Nov 11 2013
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Public Health News Roundup: November 11

Survey: Violence in PG-13 Films Tripled in Past Two Decades
When the movie rating PG-13 debuted, PG-13 movies and R movies tended to have about the same amount of gun violence. Today PG-13 sometimes have more gun violence than R movies, and the overall amount of gun violence in the movies approved for the younger demographic has more than tripled in the past two decades, according to a new study in the journal Pediatrics. The researchers looked at 945 films sampled from the 30 top-grossing films annually between 1950 and 2012. "It doesn't take a lot of imagination to figure out there are going to be disturbed kids who are going to see this kind of content," said Daniel Romer, of the University of Pennsylvania's Annenberg Public Policy Center in Philadelphia. "The problem for parents is they can no longer rely on the PG-13 rating to tell them there isn't a lot of violence in those films.” James Sargent, MD, from the Geisel School of Medicine at Dartmouth and the Norris Cotton Cancer Center in Lebanon, New Hampshire, who was not involved in the study, said the findings demonstrate that the Motion Picture Association of America needs "to go back to the drawing board and fix their rating system so those movies are rated R for violence." Read more on violence.

New Federal Rules Ensure Mental Health Treatment Equal to Physical Health in Health Plans
New rules issued by the U.S. Departments of Health and Human Services, Labor and the Treasury on Friday will ensure that mental health is treated equal to physical health when it comes to co-pays, deductibles and visit limits that are features of health plans. Among the specific protections:

  • Ensuring that parity applies to intermediate levels of care received in residential treatment or intensive outpatient settings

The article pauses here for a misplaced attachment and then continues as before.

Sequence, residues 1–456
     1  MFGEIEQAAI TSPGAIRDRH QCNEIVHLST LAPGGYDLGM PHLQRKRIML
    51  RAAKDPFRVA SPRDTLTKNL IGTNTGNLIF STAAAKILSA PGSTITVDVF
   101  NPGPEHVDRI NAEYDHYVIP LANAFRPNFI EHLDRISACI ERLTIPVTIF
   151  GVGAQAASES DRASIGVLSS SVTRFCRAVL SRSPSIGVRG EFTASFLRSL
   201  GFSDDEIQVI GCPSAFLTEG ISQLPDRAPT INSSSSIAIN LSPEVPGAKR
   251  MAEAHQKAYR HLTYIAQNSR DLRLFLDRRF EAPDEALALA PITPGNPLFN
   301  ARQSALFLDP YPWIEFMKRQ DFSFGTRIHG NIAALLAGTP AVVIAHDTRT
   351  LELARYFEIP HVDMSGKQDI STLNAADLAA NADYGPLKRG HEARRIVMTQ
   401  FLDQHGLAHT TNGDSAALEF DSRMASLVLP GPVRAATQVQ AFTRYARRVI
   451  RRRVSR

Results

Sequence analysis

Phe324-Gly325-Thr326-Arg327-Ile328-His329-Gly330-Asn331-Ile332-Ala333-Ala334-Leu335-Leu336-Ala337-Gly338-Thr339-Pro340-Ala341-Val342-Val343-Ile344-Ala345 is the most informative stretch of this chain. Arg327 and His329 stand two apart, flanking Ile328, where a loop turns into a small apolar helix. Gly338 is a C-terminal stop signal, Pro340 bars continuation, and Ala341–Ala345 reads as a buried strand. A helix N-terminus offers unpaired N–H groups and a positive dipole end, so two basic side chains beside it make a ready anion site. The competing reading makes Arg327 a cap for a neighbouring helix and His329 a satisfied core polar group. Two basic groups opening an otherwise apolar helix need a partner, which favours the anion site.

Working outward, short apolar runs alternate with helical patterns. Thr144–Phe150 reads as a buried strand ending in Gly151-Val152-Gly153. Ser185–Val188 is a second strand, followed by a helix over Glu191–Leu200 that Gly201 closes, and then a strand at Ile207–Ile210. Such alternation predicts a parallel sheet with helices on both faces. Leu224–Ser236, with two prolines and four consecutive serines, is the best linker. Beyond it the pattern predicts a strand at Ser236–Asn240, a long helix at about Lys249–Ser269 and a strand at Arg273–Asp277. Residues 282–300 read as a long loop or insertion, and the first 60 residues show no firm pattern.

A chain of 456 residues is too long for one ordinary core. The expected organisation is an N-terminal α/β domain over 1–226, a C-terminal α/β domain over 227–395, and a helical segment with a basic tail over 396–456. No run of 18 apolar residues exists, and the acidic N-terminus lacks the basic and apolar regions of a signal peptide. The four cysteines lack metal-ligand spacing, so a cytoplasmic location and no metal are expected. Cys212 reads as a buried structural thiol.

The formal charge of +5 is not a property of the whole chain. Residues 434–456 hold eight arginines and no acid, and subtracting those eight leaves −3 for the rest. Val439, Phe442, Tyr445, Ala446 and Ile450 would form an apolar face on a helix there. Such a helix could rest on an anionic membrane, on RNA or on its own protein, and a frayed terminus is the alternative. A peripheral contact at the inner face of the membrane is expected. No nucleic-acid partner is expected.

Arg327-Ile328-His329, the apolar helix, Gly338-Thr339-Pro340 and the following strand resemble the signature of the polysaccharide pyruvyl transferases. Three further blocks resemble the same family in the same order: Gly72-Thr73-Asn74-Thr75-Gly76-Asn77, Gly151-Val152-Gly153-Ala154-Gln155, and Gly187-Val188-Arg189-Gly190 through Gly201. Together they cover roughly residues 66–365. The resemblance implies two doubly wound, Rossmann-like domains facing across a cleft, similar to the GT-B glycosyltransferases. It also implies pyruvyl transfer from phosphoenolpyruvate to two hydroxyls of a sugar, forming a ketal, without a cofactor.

• Eliminating the provision that allowed insurance companies to make an exception to parity requirements for certain benefits based on “clinically appropriate standards of care,” which clinical experts advised was not necessary and which is confusing and open to potential abuse
  • Clarifying the scope of the transparency required by health plans, including the disclosure rights of plan participants, to ensure compliance with the law

“These rules will increase access to mental health and substance abuse treatment, prohibit discriminatory practices, and increase health plan transparency,” said Labor Secretary Thomas E. Perez. “Ultimately, they’ll provide greater opportunities for affordable, accessible, effective treatment to Americans who need it.” Read more on access to health care.

Women of Limited Financial Means Often Wait to Seek Help with Breast Lumps
High costs of examination and treatment may be keeping younger women with limited finances from seeking early medical attention for breast lumps, according to a new study in the journal Cancer. Researchers found in a survey of women aged 40 and younger that while 80 percent found an abnormality in their breast on their own, 17 percent waited at least three months before seeing a doctor, with 12 percent of those who delayed treatment also having to wait at least 90 days between their appointment and receiving a diagnosis. Kathryn Ruddy, MD, of the Mayo Clinic in Rochester, Minn., said that future development of interventions should focus on this financial disparity that is also a health disparity. "The findings may lead to research focusing on whether reducing co-pays and hidden costs of seeking medical care—such as parking charges, child-care expenses and lost wages—may improve the timeliness of diagnosis in this population," she said. Read more on cancer.

Tags: Access to Health Care, Cancer, News roundups, Public and Community Health, Violence